On Bach & Music (Part 1)

I have been listening to Bach’s Ciaconna in D Minor, the infamous Chaconne, on loop recently. This piece comes like a punch to the face at the end of Bach’s Partita No. 2, the last and longest movement of five. I first learnt about it in this article, a famous one called ‘Pearls Before Breakfast‘ by Gene Weingarten (he won a Pulitzer for this article, and although many – fair – criticisms have been leveled at the experiment it carries out, I think it’s worthy of one nonetheless; very few articles in the world have the power to engage someone so entirely and make them think very hard about certain things, and this definitely does!). In the article, Joshua Bell is quoted as calling the Chaconne ‘one of the greatest pieces of music ever written’. I was curious to see what sort of piece could earn itself such an epithet, and I didn’t (still don’t) know much about classical music anyways, though I liked listening to it when studying (no lyrics to distract!), so I figured it would be as good a place to start as any. And boy, was it.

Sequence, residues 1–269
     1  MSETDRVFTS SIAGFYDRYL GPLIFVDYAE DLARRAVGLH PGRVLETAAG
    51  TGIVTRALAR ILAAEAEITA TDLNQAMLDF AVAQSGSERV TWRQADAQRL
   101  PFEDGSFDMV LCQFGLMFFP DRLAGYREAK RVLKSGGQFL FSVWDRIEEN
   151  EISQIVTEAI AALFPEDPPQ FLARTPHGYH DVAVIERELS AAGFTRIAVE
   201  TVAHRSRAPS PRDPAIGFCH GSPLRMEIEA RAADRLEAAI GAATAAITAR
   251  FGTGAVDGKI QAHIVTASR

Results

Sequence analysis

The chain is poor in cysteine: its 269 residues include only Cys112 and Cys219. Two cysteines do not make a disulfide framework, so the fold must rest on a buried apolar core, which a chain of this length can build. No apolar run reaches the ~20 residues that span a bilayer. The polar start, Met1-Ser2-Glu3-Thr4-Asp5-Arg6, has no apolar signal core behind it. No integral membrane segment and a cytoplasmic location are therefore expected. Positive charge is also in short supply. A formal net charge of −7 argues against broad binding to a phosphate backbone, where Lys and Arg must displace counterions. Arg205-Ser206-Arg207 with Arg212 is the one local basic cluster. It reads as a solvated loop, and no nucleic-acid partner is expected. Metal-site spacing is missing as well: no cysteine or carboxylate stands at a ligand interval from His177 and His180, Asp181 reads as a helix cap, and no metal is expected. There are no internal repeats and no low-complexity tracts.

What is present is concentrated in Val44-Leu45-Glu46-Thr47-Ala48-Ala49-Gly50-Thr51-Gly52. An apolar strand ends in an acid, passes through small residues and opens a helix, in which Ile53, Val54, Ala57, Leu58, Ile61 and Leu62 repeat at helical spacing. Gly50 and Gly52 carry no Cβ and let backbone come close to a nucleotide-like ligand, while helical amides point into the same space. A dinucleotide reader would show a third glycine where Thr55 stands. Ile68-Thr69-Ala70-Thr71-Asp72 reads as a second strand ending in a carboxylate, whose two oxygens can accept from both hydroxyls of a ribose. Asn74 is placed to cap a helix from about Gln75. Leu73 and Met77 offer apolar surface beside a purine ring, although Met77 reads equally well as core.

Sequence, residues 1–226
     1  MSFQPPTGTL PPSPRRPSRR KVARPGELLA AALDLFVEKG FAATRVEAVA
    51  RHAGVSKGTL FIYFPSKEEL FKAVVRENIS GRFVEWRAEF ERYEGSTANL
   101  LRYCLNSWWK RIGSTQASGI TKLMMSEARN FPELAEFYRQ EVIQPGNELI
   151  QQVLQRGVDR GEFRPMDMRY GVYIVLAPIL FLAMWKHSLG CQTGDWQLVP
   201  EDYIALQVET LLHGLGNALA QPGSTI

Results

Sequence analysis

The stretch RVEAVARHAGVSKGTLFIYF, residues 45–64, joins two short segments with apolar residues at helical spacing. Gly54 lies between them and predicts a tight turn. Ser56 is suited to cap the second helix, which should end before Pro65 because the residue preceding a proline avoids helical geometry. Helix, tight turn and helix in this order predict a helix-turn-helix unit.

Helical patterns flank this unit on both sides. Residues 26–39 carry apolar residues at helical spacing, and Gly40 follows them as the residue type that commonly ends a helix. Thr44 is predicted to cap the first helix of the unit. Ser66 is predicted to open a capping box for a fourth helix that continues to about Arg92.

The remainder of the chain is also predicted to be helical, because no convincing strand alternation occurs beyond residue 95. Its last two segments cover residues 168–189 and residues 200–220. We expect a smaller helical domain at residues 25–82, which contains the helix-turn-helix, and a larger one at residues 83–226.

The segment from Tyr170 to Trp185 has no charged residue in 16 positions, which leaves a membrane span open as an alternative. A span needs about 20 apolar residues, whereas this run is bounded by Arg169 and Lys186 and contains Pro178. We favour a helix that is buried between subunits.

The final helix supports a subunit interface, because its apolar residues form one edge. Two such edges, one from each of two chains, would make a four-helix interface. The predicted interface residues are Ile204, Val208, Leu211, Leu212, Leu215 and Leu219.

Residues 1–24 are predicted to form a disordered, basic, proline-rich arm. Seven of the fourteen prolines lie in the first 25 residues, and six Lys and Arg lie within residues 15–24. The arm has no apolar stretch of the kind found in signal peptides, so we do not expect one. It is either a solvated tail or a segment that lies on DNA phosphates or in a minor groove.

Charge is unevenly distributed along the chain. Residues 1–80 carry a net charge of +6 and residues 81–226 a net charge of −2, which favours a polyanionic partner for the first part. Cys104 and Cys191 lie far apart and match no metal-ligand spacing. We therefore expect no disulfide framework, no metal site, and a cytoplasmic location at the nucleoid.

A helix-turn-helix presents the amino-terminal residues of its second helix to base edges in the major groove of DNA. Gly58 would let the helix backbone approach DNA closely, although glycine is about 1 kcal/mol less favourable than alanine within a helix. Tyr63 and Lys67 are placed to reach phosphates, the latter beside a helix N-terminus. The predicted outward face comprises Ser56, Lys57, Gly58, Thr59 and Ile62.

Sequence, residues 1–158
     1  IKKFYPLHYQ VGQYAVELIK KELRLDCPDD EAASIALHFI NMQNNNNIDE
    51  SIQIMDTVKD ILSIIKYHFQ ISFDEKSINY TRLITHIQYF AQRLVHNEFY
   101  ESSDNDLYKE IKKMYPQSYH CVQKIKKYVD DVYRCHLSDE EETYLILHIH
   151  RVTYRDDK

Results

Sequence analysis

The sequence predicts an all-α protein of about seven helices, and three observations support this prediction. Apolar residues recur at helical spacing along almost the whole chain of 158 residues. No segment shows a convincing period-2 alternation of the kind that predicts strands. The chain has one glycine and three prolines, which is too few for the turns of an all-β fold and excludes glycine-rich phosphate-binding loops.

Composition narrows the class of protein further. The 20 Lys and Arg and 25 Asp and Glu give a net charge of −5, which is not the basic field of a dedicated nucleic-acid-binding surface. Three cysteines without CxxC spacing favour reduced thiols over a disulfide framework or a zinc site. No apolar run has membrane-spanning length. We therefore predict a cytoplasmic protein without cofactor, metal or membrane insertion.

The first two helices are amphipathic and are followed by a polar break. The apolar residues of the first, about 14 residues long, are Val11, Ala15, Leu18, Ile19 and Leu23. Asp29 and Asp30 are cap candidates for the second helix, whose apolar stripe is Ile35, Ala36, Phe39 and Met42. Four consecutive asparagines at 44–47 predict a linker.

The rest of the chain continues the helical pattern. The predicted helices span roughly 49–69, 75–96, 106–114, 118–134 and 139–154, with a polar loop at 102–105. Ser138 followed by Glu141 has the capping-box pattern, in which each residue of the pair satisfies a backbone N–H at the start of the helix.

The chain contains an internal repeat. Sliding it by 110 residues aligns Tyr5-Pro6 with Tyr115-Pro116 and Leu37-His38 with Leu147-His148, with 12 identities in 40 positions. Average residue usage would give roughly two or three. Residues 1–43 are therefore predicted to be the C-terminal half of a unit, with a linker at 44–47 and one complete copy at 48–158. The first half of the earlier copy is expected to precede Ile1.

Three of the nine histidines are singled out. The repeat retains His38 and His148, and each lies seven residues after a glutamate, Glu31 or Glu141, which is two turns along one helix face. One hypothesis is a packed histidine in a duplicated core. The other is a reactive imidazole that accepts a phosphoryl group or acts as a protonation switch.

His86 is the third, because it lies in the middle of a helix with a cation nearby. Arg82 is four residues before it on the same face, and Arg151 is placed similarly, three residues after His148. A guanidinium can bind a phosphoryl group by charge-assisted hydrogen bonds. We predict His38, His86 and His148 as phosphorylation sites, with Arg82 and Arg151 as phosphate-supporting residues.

(In the experiment the article carries out, Joshua Bell starts off by playing this Chaconne – he’s pretending to be yet another busker in some metro station in DC, only he’s a world-renowned violinist who’ll be playing a Stradivarius or something. The experiment is to see how many people will notice ‘genius’ and ‘greatness’, if you will, and stop to pay attention even in the middle of rush hour. Very few people paid attention to the Chaconne, which amazes me – never mind getting to work on time; this is the Chaconne. I would run out of my college MCR every time a violinist on Turl Street started playing the Chaconne, which he often did in the evenings; he wasn’t even a Joshua Bell. Oxford is a lovely place to hear this played, especially when someone plays it on the streets in the evening. It melts into the dusk and into the buildings.)